[37]:
<matplotlib.collections.QuadMesh at 0x7f1c6d91c150>
_images/ECCO_v4_Accessing_and_Subsetting_Variables_70_1.png

Subset tile 1, j = 50 (a single row through the array), and time = 5 (June 2010)

[38]:
output_tile1_time06_j50= ecco_ds.isel(tile=1, time=5, j=50).load()
output_tile1_time06_j50.data_vars
[38]:
Data variables:
    CS        (i) float32 360B 1.0 1.0 1.0 1.0 1.0 1.0 ... 1.0 1.0 1.0 1.0 1.0
    SN        (i) float32 360B -3.751e-15 1.875e-15 ... -1.875e-15 3.751e-15
    rA        (i) float32 360B 1.108e+10 1.108e+10 ... 1.108e+10 1.108e+10
    dxG       (j_g, i) float32 32kB 6.054e+04 6.054e+04 ... 1.098e+05 1.098e+05
    dyG       (i_g) float32 360B 1.055e+05 1.055e+05 ... 1.055e+05 1.055e+05
    Depth     (i) float32 360B 3.343e+03 3.809e+03 ... 4.404e+03 4.833e+03
    rAz       (j_g, i_g) float32 32kB 3.584e+09 3.584e+09 ... 1.179e+10
    dxC       (i_g) float32 360B 1.05e+05 1.05e+05 ... 1.05e+05 1.05e+05
    dyC       (j_g, i) float32 32kB 5.92e+04 5.92e+04 ... 1.074e+05 1.074e+05
    rAw       (i_g) float32 360B 1.108e+10 1.108e+10 ... 1.108e+10 1.108e+10
    rAs       (j_g, i) float32 32kB 3.584e+09 3.584e+09 ... 1.179e+10 1.179e+10
    drC       (k_p1) float32 204B 5.0 10.0 10.0 10.0 ... 399.0 422.0 445.0 228.2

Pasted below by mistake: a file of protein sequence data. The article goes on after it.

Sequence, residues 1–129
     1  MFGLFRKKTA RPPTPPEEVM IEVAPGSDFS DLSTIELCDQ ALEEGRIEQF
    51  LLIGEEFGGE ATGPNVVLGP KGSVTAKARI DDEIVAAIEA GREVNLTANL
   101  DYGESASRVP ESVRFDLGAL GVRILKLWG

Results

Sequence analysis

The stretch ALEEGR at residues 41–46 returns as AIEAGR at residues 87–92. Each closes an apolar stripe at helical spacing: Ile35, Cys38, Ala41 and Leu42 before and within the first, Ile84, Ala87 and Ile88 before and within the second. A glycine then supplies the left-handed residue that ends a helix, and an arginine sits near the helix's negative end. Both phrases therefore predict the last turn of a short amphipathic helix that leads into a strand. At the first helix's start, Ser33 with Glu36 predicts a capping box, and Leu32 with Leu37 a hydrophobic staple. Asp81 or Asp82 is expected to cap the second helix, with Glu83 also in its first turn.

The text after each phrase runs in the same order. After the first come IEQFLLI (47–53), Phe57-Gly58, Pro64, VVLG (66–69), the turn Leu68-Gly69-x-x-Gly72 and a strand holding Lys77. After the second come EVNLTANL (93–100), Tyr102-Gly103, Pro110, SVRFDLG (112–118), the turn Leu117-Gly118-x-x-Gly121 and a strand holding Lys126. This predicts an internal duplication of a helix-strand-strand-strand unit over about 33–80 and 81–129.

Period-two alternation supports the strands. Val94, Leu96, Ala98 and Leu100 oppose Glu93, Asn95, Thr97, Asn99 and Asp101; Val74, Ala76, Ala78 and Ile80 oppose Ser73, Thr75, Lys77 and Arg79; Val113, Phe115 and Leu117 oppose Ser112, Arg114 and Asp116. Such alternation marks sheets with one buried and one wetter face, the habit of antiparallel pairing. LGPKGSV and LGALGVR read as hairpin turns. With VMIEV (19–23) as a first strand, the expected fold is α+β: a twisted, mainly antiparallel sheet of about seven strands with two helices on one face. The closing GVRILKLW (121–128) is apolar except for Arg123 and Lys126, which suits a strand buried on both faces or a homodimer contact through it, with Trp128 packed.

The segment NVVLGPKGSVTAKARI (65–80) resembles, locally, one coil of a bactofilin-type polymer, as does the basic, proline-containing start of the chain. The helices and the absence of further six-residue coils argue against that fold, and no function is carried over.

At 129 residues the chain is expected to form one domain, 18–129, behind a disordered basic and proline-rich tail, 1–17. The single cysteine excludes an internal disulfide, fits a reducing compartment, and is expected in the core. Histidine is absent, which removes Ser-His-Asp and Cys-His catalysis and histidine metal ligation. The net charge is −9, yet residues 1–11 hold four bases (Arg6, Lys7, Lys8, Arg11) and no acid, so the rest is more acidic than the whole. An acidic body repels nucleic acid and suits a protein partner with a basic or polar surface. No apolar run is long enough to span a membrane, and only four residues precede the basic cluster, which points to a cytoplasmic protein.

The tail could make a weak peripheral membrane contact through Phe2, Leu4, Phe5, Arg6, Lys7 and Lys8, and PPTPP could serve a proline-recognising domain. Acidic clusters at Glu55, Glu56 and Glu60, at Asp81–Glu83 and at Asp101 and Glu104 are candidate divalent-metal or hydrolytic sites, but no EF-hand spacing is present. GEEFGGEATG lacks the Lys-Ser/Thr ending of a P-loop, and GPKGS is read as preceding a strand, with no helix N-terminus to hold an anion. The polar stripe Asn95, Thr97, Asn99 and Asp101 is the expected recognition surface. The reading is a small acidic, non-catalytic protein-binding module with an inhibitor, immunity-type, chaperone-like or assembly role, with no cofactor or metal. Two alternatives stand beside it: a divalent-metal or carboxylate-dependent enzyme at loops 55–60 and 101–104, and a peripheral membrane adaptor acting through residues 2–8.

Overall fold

drF       (k) float32 200B 10.0 10.0 10.0 10.0 ... 387.5 410.5 433.5 456.5
    PHrefC    (k) float32 200B 49.05 147.1 245.2 ... 5.357e+04 5.794e+04
    PHrefF    (k_p1) float32 204B 0.0 98.1 196.2 ... 5.57e+04 6.018e+04
    hFacC     (k, i) float32 18kB 1.0 1.0 1.0 1.0 1.0 ... 0.0 0.0 0.0 0.0 0.0
    hFacW     (k, i_g) float32 18kB 1.0 1.0 1.0 1.0 1.0 ... 0.0 0.0 0.0 0.0 0.0
    hFacS     (k, j_g, i) float32 2MB 1.0 1.0 1.0 1.0 1.0 ... 0.0 0.0 0.0 0.0
    maskC     (k, i) bool 4kB True True True True ... False False False False
    maskW     (k, i_g) bool 4kB True True True True ... False False False False
    maskS     (k, j_g, i) bool 405kB True True True True ... False False False
    SSH       (i) float32 360B 0.31 0.328 0.3291 0.3225 ... 0.8263 0.8856 0.9166
    SSHIBC    (i) float32 360B -0.07849 -0.07787 -0.07717 ... -0.07901 -0.07715
    SSHNOIBC  (i) float32 360B 0.2315 0.2502 0.2519 ... 0.7423 0.8066 0.8394
    ETAN      (i) float32 360B 0.2282 0.2468 0.2486 ... 0.739 0.8033 0.8361
    OBP       (i) float32 360B 20.13 27.04 30.4 32.93 ... nan 16.19 37.27 45.54
    OBPGMAP   (i) float32 360B 30.16 37.06 40.43 42.95 ... nan 26.21 47.29 55.56
    PHIBOT    (i) float32 360B 295.8 363.5 396.5 421.3 ... nan 257.1 463.9 545.0